El Sanjuanino

Belgrano, Buenos Aires, Palermo, Recoleta

  • Ambience 80%
  • Service 80%
  • Food 80%
  • Creativity 90%
  • Value 85%

Restaurant Details
Restaurant Details
El Sanjuanino
Locale: Belgrano, Buenos Aires, Palermo, Recoleta
Address: Posadas 1515
Telephone: +54 11 4804-2909
Restaurant Type: Casual Dining
Cuisine: Argentine
Service Type: Table Service
Price: $$$$
Menu items offered:
Sun-Sat: 12pm to 4pm, 7pm to 11pm, ,

Review Summary
El Sanjuanino is a favorite of Porteños and tourists alike, with quirky nostalgic décor and a wide variety of well-executed traditional regional menu items. Don’t miss the house wine served in a traditional “pingüino” decanter.

The full review for El Sanjuanino

Review by: Ollie O Rating: 4.0 stars Review Date: 12/04/2016

We’ve recently posted several reviews for restaurants in Buenos Aires featuring the country’s indigenous cuisine (often referred to as “cocina criolla”). Cumuná is one of the city’s most popular restaurants, gauging by the wait for a table that is common at the peak of both the lunch and dinner services. Our personal favorite for lunch is La Querencia. And a recent addition to the genre, 1810 Cocina Regional, with locations in both Palermo and Retiro, is an excellent option if you are living nearby or staying in one of the hotels close to the downtown location.

Fitting into this genre, in the most unique and interesting way, however, is the long-standing Porteño favorite, El Sanjuanino, with locations in Recoleta, Barrio Norte (a block from Alta Palermo shopping mall) and Belgrano.

What makes El Sanjuanino so unique is the wide variety of the menu, and how it incorporates the cuisine of the migrant Buenos Aires population into the menu along with the more traditional indigenous cuisine that is still part of the diet today in the northern provinces of Argentina.

Many of the classic dishes of the “cocina criolla” from the north of Argentina are offered; locro (bean and corn stew), mondongo (tripe stew), humitas and tamales. They offer some unique stews as well, such as a vizcacha stew, featuring the meat of a wild indigenous rodent (which I personally avoid due to a bad experience at El Baqueano, that featured this critter).

They incorporate the most popular European dishes into the menu, including a full array of pasta dishes, fiambres (cured meats), cheeses, the uniquely Argentine matambre, and the chorizo a la pomarola (an Italian sausage dish) with mashed potatoes, my personal favorite at El Sanjuanino.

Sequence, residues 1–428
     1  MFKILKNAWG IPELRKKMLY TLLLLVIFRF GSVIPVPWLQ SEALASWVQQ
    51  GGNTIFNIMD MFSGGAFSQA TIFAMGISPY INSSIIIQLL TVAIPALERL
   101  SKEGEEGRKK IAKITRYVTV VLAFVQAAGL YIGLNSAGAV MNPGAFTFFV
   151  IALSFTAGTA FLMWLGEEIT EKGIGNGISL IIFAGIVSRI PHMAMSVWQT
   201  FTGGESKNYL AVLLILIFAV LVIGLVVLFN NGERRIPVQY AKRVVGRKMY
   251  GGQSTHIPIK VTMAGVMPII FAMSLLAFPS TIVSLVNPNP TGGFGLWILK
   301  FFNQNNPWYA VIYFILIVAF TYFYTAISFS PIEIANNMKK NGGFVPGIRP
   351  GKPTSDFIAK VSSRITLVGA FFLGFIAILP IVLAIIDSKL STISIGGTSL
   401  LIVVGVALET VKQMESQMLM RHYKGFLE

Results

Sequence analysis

Of particular interest are the quesillo dishes, that incorporate curdled-milk cheeses (similar to European “curds” or “cottage cheese”), mostly offered as desserts.

I’ve ordered the locro, humitas, tamales, the Bife de Chorizo (the only steak on the menu), the pasta and the milanesa (breaded cutlet). The sausage and the accompanying sauce are outstanding. It’s rare to find so much flavor packed into a single dish in Buenos Aires. The locro, tamales and humitas were the best renditions I’ve tasted in Buenos Aires. The steak is reasonable priced and big and served with enough French fries to choke a horse. And I can say without reservation that the milanesa is the only one of dozens I’ve tried in the Buenos Aires that I would order again.

The menu is downright ugly, with pages covered in plastic with penciled in price like the thousands of menus in the corner cafés we avoid. And clearly, El Sanjuanino won’t soon be featured in Architectural Digest for innovative design or décor. But the quirky ambiance that’s distinctly Argentine, is apropos.

Prices are a bit better than you’d expect for a restaurant in this genre and at this location. Service has always been good. The house wine that’s served in a traditional “pingüino” pitcher is much better than your typical house wine.

All things considered, this is, I believe, the best choice in Buenos Aires for regional Argentine cuisine. I don’t know that I’d make a special trip if I were a porteño living close to other restaurants offering this type of cuisine, but for travelers wanting to experience this little part of Argentine culture, or those living close-by, El Sanjuanino is, hands down, the best choice in the genre.

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